Video: Learn about CORE’s Microfabrication Cleanroom at FIRST

Dr. George Bernhardt of the CORE Microfabrication Cleanroom showcases cutting-edge sensor research and technologies being developed by UMaine researchers and students.

The CORE Cleanroom provides unique, hands-on training opportunities for students entering careers in STEM fields.

FIRST Cleanroom Video Transcript

Coordinated Operating Research Entities (CORE)
A tour of UMaine’s CORE Microfabrication Cleanroom FIRST Lab – Frontier Institute for Research in Sensor Technologies

George Bernhardt:

You’re looking at a Class 1000 cleanroom. That means there’s 1000 particles per cubic foot of air that are 0.5 microns in size or larger. It’s a very clean environment with a laminar airflow to remove particles. We are creating medical devices that can be used for testing blood, testing intracellular fluid. And what these are is really tiny needles that can be pressed against the skin and extract a fluid. And then you can get some health information.

This is the patterns that she makes. She makes all these different types of patterns because we’re testing to see which one of these different patterns on this mass are optimal, which one works the best.

Bailey Bartash:

We were looking at using these kinds of devices for DNA detection for cancer testing and diagnosis. Normally you test for cancer using a tissue biopsy which requires a sample of a tumor from a patient. The type of cancer that we are most interested in is pancreatic cancer because normally it’s diagnosed with stage four – and the DNA would be in your blood long before that. This would hopefully be a way to detect cancer earlier, more efficiently and less invasively, more accurately for the patient.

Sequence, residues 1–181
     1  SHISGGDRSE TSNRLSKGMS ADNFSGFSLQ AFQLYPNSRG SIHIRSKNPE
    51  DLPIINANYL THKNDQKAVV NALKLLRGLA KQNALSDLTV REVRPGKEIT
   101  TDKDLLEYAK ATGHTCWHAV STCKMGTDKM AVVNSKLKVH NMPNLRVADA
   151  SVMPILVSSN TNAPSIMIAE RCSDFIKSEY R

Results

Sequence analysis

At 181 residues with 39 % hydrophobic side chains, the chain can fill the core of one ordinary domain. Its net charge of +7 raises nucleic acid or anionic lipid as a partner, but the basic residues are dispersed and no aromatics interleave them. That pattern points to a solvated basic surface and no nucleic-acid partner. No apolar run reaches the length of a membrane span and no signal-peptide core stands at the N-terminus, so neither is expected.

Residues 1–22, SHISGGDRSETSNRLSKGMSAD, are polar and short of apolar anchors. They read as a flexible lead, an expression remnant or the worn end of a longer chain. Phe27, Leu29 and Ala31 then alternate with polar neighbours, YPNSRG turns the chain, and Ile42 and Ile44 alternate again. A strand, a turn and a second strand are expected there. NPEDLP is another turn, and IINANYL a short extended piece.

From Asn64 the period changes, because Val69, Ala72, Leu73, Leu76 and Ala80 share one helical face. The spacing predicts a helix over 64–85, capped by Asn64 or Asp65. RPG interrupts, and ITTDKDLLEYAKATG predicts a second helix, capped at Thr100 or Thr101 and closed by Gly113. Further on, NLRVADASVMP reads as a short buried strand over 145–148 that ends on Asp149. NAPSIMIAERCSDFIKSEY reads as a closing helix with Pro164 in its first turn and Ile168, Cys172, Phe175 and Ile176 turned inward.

George Bernhardt:

We’re also creating new types of sensors. Little tiny sensors that can go into very harsh environments: power plants, space, jet engines. And what these do is allow us to monitor the health of power plants so they operate at the proper temperature, so that they are efficient, so that we reduce emissions.
The cleanliness is important because the scale we are working with is down to the nanometer scale. If you have one hair get on it, one piece of dust, you can ruin an entire pattern.

We have both graduate and undergraduate students that work in this cleanroom. It is all state-of-the-art. A person could learn from here, learn how the systems work. They could then go do their own research at a different university or they can go into industry and they’re ready to go right into the workforce. They will not need that extensive training because they already know how to use all these different pieces of equipment.